Ruling party proposes removing word 'conservative' from party platform

January 11, 2012 11:52 pm 

By Kim Eun-jung

SEOUL, Jan. 11 — The ruling Grand National Party on Wednesday proposed removing the word "conservative" from its platform in a symbolic move to widen its appeal ahead of the April parliamentary elections.

The proposal by the party's emergency council is the latest in a series of reform measures it has come up with to shake off its image as a corrupt party mainly for the rich in the face of growing voter discontent with social and economic inequality in Asia's fourth-largest economy.

The platform revision, its first in six years, is likely to spark heated debates within the party as it is expected to face strong opposition from lawmakers who uphold conservative values as the backbone of the party. Advocates say, however, that the party should pursue more flexible policies that better reflect changing social trends.

"The problem lies with people, not the party platform. It's ridiculous," said GNP lawmaker Chung Doo-un. "I oppose changing the party principles. It is important to seek true conservative values."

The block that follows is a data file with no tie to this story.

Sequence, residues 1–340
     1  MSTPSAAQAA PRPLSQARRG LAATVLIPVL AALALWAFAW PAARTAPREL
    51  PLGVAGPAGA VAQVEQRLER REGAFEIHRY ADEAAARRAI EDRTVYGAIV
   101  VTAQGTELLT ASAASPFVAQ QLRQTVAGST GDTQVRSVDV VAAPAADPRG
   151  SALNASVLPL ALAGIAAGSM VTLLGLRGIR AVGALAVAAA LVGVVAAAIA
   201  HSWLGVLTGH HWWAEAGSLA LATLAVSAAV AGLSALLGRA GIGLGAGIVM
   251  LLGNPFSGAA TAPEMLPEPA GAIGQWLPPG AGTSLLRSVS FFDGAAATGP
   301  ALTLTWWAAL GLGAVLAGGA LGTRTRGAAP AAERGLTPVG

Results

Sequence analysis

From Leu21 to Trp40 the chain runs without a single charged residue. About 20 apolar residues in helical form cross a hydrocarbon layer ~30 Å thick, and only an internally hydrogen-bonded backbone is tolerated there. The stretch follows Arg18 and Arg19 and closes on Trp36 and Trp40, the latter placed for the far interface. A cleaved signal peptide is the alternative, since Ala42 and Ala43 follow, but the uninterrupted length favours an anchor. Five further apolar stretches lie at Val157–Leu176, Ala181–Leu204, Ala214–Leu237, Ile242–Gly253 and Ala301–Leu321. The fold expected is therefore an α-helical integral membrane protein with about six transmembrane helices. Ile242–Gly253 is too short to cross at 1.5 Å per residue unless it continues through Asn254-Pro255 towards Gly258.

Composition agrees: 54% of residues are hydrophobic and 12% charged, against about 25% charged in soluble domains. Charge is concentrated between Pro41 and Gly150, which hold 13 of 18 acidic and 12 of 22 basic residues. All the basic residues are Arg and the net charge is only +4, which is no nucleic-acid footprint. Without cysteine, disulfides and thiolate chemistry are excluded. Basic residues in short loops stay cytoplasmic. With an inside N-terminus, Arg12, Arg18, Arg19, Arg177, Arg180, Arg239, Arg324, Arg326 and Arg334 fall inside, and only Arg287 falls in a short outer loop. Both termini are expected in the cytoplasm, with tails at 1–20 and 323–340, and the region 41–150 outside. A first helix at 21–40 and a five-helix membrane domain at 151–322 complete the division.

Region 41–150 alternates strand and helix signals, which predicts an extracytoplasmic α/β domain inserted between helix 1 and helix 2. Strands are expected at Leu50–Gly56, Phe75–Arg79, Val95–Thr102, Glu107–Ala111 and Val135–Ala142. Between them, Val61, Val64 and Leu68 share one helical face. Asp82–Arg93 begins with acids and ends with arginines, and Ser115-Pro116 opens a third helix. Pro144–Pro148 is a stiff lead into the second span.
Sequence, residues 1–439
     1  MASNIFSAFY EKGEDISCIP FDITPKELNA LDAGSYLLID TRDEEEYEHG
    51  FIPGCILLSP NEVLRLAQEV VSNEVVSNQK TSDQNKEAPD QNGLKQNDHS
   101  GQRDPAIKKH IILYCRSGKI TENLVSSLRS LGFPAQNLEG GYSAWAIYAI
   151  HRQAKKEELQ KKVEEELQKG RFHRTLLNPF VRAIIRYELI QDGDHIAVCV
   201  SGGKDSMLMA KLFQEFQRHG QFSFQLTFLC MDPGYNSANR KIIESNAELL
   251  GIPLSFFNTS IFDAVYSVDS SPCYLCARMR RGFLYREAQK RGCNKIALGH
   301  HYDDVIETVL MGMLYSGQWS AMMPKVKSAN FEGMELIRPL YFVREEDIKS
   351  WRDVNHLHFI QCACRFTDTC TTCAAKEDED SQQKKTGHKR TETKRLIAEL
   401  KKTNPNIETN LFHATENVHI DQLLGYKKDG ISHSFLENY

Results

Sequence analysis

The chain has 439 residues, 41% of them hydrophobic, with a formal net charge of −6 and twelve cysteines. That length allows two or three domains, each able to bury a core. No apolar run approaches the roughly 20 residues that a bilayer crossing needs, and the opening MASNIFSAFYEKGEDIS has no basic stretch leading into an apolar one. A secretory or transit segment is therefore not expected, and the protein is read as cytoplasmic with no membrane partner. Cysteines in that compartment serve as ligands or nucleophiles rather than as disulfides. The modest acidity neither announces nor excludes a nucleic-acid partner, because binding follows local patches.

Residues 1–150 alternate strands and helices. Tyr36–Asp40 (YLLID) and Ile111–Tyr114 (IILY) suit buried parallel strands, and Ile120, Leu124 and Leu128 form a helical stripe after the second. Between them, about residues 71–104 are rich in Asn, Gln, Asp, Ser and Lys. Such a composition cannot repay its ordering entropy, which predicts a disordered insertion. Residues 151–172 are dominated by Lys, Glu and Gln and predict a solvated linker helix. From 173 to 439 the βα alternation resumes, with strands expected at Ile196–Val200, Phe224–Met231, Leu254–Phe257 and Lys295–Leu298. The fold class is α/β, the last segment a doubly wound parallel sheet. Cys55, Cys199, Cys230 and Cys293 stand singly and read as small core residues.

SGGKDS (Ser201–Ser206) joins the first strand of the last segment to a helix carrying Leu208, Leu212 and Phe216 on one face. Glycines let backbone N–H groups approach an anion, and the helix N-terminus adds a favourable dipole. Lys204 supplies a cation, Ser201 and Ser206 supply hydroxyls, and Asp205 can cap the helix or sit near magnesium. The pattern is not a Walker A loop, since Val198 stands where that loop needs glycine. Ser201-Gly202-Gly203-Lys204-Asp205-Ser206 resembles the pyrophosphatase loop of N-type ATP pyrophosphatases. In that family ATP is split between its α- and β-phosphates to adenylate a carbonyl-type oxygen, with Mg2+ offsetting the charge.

Rep. Park Geun-hye, who leads the GNP's emergency council, has remained cautious about the party changing its ideological principles without holding thorough discussions among party members.

"(The party) should carefully handle party platforms and principles," Park told reporters. "The draft has not been discussed."

The draft also deleted the expression "against populism," in reflection of the party's latest drive for welfare expansion to meet a growing need for reliable safety nets, officials said. Instead, the proposal stressed such values as fair competition and equal distribution.

"(The platform) still maintains conservative values, including liberalism, market-economy and strong national security," an emergency council member said.

The proposed platform is an about-face from President Lee Myung-bak's growth-driven economic policies that have loosened regulations and cut taxes for businesses, as the struggling party seeks ways to shed its image as being for the privileged.

The GNP, which has traditionally favored smaller government, recently announced a set of measures to solve the widening income gap and support relatively weak and smaller firms in a country whose economy is powered by large industrial conglomerates.

For the draft to be adopted by the party, it needs to gain approval from a majority of party members in a vote. The GNP's emergency council said it will hold a meeting later this week to gather party lawmakers' opinions. (PNA/Yonhap) DCT/rsm

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